Wood is also a material with high durability in time. As proof, let’s take the churches in Maramureș that date back to the 17th-18th century. Before it is put into practice, wood needs to be dried to a humidity level of less than 18%, in order to prevent fungus, cracks, cavities, and even rotting. For instance, in contact with the concrete slab, a prefabricated wall is assembled on a hydrophobized marking sole, in order to prevent humidity transfer from concrete to wood. Furthermore, wood is treated with an insecticide- fungicide to prevent these risks.
3. Wood is extremely suitable for energy-efficient houses
From the thermal point of view, wood has an advantage over the rest of the structural materials. Thermal conductivity, which shows how much heat a material conducts, is much lower than that of brick, concrete, or light steel, and it is rather included in the category of insulating material. Hence, wood is almost 4 times a better insulator than brick and 17 times than concrete.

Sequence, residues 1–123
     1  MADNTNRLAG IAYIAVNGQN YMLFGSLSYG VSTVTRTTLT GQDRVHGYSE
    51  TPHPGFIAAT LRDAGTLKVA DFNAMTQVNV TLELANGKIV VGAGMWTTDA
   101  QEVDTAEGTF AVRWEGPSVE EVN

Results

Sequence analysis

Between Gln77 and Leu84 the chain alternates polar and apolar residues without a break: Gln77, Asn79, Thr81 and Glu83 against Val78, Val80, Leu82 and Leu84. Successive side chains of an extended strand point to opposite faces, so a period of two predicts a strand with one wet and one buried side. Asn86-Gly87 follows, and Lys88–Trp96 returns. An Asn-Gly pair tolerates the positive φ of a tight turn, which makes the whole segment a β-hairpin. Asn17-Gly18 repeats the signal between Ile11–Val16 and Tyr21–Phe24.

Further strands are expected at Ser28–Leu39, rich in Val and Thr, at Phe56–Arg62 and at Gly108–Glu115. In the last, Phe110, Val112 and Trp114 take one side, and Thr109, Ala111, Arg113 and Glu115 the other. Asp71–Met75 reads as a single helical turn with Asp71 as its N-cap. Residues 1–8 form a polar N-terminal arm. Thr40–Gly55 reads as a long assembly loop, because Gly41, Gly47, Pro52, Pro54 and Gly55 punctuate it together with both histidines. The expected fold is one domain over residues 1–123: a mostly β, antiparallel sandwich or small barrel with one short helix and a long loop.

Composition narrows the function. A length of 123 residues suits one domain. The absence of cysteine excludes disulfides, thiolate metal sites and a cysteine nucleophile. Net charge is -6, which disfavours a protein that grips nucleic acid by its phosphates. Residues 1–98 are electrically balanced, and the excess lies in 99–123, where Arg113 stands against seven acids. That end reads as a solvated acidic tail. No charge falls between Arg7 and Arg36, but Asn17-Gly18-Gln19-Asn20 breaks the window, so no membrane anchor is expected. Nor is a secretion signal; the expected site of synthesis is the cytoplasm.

After analyzing the table below, we realize how important thermal insulation in a building is, especially in the context of the nZEB (nearly Zero Energy Building) standard, which every residential building has to meet starting from this year. How do we build to the nZEB standard?
But wood presents another advantage, the wall's thickness. A wooden timber frame house has a very good ratio between the built area ( how much the house occupies takes of the land) and the usable area(how much space of the house we use), because in the width of the load-bearing wall, the thermal insulation ( stone wool, blown-in cellulose, wood fiber, straw).
On the other hand, a common brickwork wall of 25 cm requires a minimum of 20 cm external insulation, in order to fit into an appropriate U heat transfer coefficient, without counting the finishes.
4. Wood is highly versatile for prefabricated construction
Este un material ușor de prelucrat și manipulat, iar procesele de debitare, panotare, transport și punere în operă se pot face exclusiv mecanizat. Producția unei structuri de lemn se poate face cu utilaje specializate cum ar fi Mașinile cu Comandă Numerică (CNC) care debitează lemnul conform schemelor din proiect.